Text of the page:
Louis Pasteur Biography, Life, Interesting Facts
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Louis Pasteur was a French microbiologist as well as a French chemist that developed the first vaccines for rabies as well as anthrax. He was creditedwith the invention of a technique for treating milk and wine to stop bacterial contamination. Louis Pasteur named the process after him and called it Pasteurisation. He is one of the pioneers in the field of microbiology and was known as one of the three founding fathers of bacteriology.
Louis Pasteur was an average student who failed an entrance examination into EcoleNormaleSuperieur, although he completed his doctorate. His disproved many long-held erroneous beliefs including the concept of spontaneous generation. He received international acclaim for the development of rabies drugs as well as his works in the field of germ.
CHILDHOOD & EARLY LIFE
Louis Pasteur was born on December 27, 1822, as the third child of Jeanne-EtiennetteRoqui and Jean-Joseph Pasteur. His father was a tanner and even served as a sergeant during the Napoleonic Wars. As a child, he was highly creative and could draw and paint. Louis Pasteur had little interest in academics and was known to be an average student. He earned his Bachelors of Arts degree in 1840 and Bachelor of Science degree in 1842. Louis Pasteur later entered the EcoleNormaleSuperieure in 1843 after failing the entrance examination once. He earned his Master of Science degree in 1845 before acquiring his advanced degree in Physical Sciences. He also earned his doctorate in Sciences in 1847.
In 1848, Louis Pasteur was appointed as a professor of physics at the Dijon Lycee. However, he quit the job to become a professor of chemistry at the University of Strasburg in the same year. Soon in 1854, he became the dean of the newly founded faculty of sciences at Lille University. Louis Pasteur demonstrated great excellence by working on his studies on fermentation. Through his experiment, he showed how the growth of micro-organism causes fermentation. He, however, proved that the growth was as a result of the bacteria growth and not the spontaneous generation as believed as at that time.
In 1857, he was selected as one of the directors of scientific studies at EcoleNormaleSuperieure. He served there until 1867. At the Institute, Louis Pasteur embarked on numerous reforms, and these increased the institution’s prestige. While he was at the institute, he became a professor of Geology, Physic, and Chemistry before he resigned in 1862.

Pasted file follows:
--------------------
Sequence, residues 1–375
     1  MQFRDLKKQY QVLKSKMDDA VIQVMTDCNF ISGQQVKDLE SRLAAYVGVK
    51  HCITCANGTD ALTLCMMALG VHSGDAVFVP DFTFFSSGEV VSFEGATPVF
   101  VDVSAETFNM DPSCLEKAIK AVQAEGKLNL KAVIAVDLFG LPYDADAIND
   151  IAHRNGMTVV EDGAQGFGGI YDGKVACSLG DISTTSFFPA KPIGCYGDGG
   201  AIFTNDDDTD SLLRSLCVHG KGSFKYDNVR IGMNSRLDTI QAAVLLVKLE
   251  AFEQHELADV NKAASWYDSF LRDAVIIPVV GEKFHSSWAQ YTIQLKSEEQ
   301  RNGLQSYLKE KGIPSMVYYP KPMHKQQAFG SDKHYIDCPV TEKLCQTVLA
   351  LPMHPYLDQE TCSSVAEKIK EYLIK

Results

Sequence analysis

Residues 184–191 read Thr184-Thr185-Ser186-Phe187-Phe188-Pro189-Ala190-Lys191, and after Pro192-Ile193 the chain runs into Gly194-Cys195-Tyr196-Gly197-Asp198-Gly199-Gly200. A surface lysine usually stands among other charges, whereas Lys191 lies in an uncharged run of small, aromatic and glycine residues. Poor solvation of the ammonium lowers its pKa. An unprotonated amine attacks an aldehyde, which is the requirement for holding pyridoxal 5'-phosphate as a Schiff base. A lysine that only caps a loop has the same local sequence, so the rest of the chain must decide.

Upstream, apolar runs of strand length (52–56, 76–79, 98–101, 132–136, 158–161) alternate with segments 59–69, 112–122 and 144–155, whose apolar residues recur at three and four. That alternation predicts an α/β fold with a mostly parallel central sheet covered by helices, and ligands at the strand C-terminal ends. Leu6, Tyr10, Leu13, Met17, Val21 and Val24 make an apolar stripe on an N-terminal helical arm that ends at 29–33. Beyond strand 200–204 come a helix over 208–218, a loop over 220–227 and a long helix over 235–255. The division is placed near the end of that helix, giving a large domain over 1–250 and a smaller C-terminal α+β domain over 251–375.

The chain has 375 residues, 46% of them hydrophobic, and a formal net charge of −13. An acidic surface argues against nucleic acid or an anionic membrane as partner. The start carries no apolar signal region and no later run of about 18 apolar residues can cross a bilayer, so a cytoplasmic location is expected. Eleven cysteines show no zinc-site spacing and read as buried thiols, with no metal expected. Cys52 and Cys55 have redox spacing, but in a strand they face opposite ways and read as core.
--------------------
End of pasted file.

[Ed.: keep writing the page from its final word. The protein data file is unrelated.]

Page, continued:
His research on fermentation showed greatly what spoiled beverages. According to the research, beverages like beer, wine, and milk are spoiled as a result of the growth of micro-organism. Thus, he invented a process of killing most bacteria present in beverages with between 60 and 100°C. Louis Pasteur patented the method and called it pasteurization in 1865.
In the 19th century, Pasteur and his colleague worked on creating a vaccine to combat the deadliest disease. They worked on 50 dogs by testing the dogs with the vaccine created. However, he used it on a young boy who was bitten by a rabid dog in 1885 without being a licensed medical practitioner. The boy lived up to adulthood without developing any of the sickness symptoms. Louis Pasteur became the hero of that time. He later established his institute which he called the Pasteur Institute. He served as the director of the institute till his death. After the one year of the inauguration of the Institute, the Institute started the first course in microbiology that has ever been taught in the world. He titled it Cours de Microbie Technique (Course of Microbe Research Techniques).
- Louis Pasteur achieved great fame for developing the process called Pasteurisation which was meant to preserve beverages as well as reduced pathogens which could cause disease. This process is very popular in the food industry.
- His works on rabies earned him fame around the world. He developed the first vaccine for rabies and used it to save a boy from rabies.
AWARDS & ACHIEVEMENTS
- Louis Pasteur was presented with the Rumford Medal for his discovery of the nature of racemic acid in 1856.
- He was also awarded the French Academy of Sciences the Montyon Prize in 1859 for his exceptional contribution to physiology, the Jecker Prize in 1861.
PERSONAL LIFE & LEGACY
Louis Pasteur fell in love with the daughter of the University of Strasbourg’s rector, Marie Laurent while he was working as a professor of chemistry in the school. They got married in 1849 and gave birth to five children of which two of them survived to adulthood. The other three died of disease. He later gave up the ghost on September 28, 1895, after suffering from serious series of strokes.